3.8 The parliamentary procedure at meetings of the Council shall be that of Robert's Rules of Order Newly Revised, with the following modifications:

To Section 18. Call for the Orders of the Day. A majority of those present and voting shall be able to defeat a call for the Orders of the Day.

To Section 47. Reports of committees containing matters that should be of record shall be in writing. Unless otherwise ordered, these reports shall be made public and placed on file, and only the recommendations in them which are adopted shall be recorded in the minutes.

To Section 51, subsection on informal consideration. All debate in meetings of the Council shall be conducted under the rules for Informal Consideration, unless the Council by a simple majority vote decides otherwise.

To Section 36. A motion to reconsider may be moved at the meeting in which the original vote was taken, or at the next meeting, by anyone present when the vote was taken who did not vote in the minority.

To Section 42. The presiding officer shall have the same right of debate as other members, and need not yield the chair when speaking.

To Sections 4 and 42. The maker of a motion shall be permitted to close the debate on that motion even filter the previous question has been voted.

IV

4.1 The Executive Committee of the Council shall set the Order of Business for meetings of the Council, and shall recommend the annual Order of Business for Council Committees. The Executive Committee, with the Council's consent, shall appoint the members and designate the Chairs of all standing committees of the Council, except members or Chairs serving ex officio and the Chair of the Judicial Committee, who shall be appointed by the President of the University with the consent of the Council. Appointments to all Charter committees of the Council shall be presented to the Council for its approval at a meeting in May except that all but five of the undergraduate appointments shall be recommended at this time, and the remainder shall be recommended after the fall elections of undergraduate representatives to the Council. In each case notice of such appointments shall be given to members of the Council at least one week in advance of the meeting at which the recommended appointments will be considered. The Executive Committee may consider any matter within the jurisdiction of the Council and, subject to the approval of the Council at the next regularly scheduled meeting, may appoint such special committees as it deems necessary or desirable.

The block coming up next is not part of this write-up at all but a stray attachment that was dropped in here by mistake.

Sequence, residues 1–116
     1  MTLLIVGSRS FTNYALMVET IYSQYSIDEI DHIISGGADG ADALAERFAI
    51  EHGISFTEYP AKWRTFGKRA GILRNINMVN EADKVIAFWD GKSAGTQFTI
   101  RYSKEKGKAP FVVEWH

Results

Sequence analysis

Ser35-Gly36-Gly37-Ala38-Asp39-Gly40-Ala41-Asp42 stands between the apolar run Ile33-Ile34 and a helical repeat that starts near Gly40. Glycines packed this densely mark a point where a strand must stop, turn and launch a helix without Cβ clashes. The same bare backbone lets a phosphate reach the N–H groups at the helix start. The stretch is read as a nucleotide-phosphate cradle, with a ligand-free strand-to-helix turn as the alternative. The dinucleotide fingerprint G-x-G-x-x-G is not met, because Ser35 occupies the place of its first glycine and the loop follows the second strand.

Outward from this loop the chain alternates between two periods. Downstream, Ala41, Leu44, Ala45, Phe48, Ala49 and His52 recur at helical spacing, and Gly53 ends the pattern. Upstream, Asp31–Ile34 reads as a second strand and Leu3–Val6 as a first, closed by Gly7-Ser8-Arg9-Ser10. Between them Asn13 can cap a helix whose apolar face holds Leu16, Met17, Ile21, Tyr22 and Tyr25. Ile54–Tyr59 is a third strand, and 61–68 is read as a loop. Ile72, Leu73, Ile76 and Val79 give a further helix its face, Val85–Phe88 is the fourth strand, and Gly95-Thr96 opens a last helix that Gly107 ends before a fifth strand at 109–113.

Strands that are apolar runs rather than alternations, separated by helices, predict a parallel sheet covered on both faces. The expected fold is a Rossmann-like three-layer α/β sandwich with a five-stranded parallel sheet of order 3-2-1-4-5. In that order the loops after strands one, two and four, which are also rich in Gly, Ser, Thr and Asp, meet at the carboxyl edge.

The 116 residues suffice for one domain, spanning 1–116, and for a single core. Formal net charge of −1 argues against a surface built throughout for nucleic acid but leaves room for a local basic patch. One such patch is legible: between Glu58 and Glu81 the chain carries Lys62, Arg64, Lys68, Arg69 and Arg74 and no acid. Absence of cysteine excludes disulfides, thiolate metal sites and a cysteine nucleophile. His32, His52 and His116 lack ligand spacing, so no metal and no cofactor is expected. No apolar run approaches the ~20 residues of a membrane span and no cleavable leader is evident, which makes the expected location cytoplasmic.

4.2 The Executive Committee of the Council shall consist of fourteen members, who shall include the President of the University; six members of the Faculty; the Chair of the Undergraduate Student Government and two other undergraduate students; two graduate students; one staff representative; and one alumni representative. The Provost shall normally meet with the Executive Committee, and, when representing the President of the University, shall have the vote. Other officers of the University may sit with the Executive Committee and speak to issues but shall be without vote.

4.3 Immediately following the April Faculty meeting, the Clerk of the Faculty shall mail to each member of the Faculty entitled to vote a ballot containing the names of the fifteen members of the Faculty who are to serve as members of the Council for the ensuing year. The Faculty will be instructed to vote for six of these to serve terms of one year as members of the Executive Committee of the Council, those terms to begin at the beginning of the next academic year. Voting will be according to the system of the single transferable vote, modified, when that is necessary, to ensure that at least one of the six chosen will be a non-tenured member of the Faculty and that each division is represented among those chosen.